System Anatomies helps keeping a common understanding about the most sailent capabilities of a software system. Experience has shown that anatomies help a lot when regards communication, testing and planning. In the course we will make a practical seminar where we try to build an anatomy toghether.
Experiments in Software Engineering
Software Engineering is an experimental science, but amazingly many research papers refrain from doing any kind of evaluation of the concepts they propose. One good reason for this is that Software Engineers are badly trained in experimental methods. In the course we will continue on our findings for metrics to establish some basic techniques in how at least partial validations can be done experimentally. We will also provide a teaser for the large area of qualitative research methods.
According to its IEEE definition, Software Engineering is a quantifiable approach. As a consequence we want to state metrics about product and process properties. Metrics has been part of mainstream Software Engineering research for decades, and it can always be debated what a metric is really telling us. In the course we will be more constructive looking for opportunities rather than problems with metrics.
Software cost and quality prediction
Once we have some metrics we can start correlating them to build models of how cost and benefits of decisions made in software development will affect the resulting software. Many papers have been published on this, but only little unanimous knowledge has been collected; one of the rare exceptions is software inspections. We will study the creation and validation of models with experiments and case studies, and also discuss industrially applicable cost estimation methods, such as COCOMO, Function Points and the Lichtenberg method.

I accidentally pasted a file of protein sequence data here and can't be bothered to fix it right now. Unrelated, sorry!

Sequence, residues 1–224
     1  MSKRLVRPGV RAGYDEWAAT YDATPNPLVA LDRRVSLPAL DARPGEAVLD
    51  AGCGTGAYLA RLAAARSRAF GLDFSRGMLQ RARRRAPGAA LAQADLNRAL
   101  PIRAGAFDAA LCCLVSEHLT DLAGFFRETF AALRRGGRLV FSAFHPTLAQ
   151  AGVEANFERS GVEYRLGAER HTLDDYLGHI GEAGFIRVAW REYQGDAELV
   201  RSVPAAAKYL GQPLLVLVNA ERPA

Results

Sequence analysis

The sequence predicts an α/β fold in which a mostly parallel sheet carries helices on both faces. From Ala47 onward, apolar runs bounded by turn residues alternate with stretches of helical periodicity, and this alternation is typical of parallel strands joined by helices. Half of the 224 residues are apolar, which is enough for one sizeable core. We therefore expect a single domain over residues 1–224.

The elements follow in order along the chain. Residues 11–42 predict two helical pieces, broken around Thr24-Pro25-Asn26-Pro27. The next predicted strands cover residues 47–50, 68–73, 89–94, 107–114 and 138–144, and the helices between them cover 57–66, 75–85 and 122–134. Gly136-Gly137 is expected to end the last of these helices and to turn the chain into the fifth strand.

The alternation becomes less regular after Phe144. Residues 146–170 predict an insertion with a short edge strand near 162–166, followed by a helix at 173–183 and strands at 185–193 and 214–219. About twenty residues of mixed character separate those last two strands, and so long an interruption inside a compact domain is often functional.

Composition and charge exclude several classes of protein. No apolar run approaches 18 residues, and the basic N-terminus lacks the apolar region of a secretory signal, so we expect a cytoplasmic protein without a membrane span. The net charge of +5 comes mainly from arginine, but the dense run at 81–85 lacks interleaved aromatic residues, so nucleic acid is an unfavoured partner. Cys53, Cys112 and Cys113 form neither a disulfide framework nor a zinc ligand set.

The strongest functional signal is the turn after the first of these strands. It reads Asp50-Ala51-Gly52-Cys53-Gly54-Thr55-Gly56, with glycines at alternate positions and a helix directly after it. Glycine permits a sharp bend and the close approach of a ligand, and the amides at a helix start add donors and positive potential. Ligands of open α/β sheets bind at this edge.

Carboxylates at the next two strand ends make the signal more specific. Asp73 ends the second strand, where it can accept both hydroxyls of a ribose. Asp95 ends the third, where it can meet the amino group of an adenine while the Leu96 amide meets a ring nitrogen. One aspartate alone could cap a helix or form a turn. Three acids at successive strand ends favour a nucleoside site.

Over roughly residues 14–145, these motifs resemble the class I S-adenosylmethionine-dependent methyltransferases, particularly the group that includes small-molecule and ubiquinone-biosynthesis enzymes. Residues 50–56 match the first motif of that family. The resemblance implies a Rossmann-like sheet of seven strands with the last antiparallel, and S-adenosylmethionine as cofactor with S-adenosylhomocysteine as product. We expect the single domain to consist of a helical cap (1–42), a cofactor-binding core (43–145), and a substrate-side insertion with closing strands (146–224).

Many people associate reuse with component-based software engineering and programming with class libraries. In the course we will take a broader perspective and study potential costs and benefits with different architectural solutions, such as, product lines, frameworks and issues in domain-dependent software engineering. We will also study the organizational consequences and economics by developing for reuse and with reuse, for instance, on deciding weather to buy and adapt or to make a software component.
A well-known survey concluded that 70% of the life-cycle for software are accounted to maintenance, that is activities following the first official release. The are many challenges in maintenance, such as, program comprehension, localization of changes, change impact analysis, testing changed software and configuration management. We will study benefits and costs with techniques such as traceability, design for maintainance and reverse engineering. In practice most of these activities involves a human user using some kind of tool support, and researchers are aiming for increasing the level of automation.
Market-driven software development
In the first courses in Software Engineering the typical situation is bespoke development, that is a customer calls the software engineer and they formulate a requirements specification for the system which is developed with some method allowing for customer involvement. However, in many industrial situations you develop for a market, which imposes both technical as well as product management challenges. We will study how a software engineer can work in this context with market segmentation, competitor analysis, product portfolio planning, branding, release planning etc.
Page responsible: Kristian Sandahl
Last updated: 2008-08-11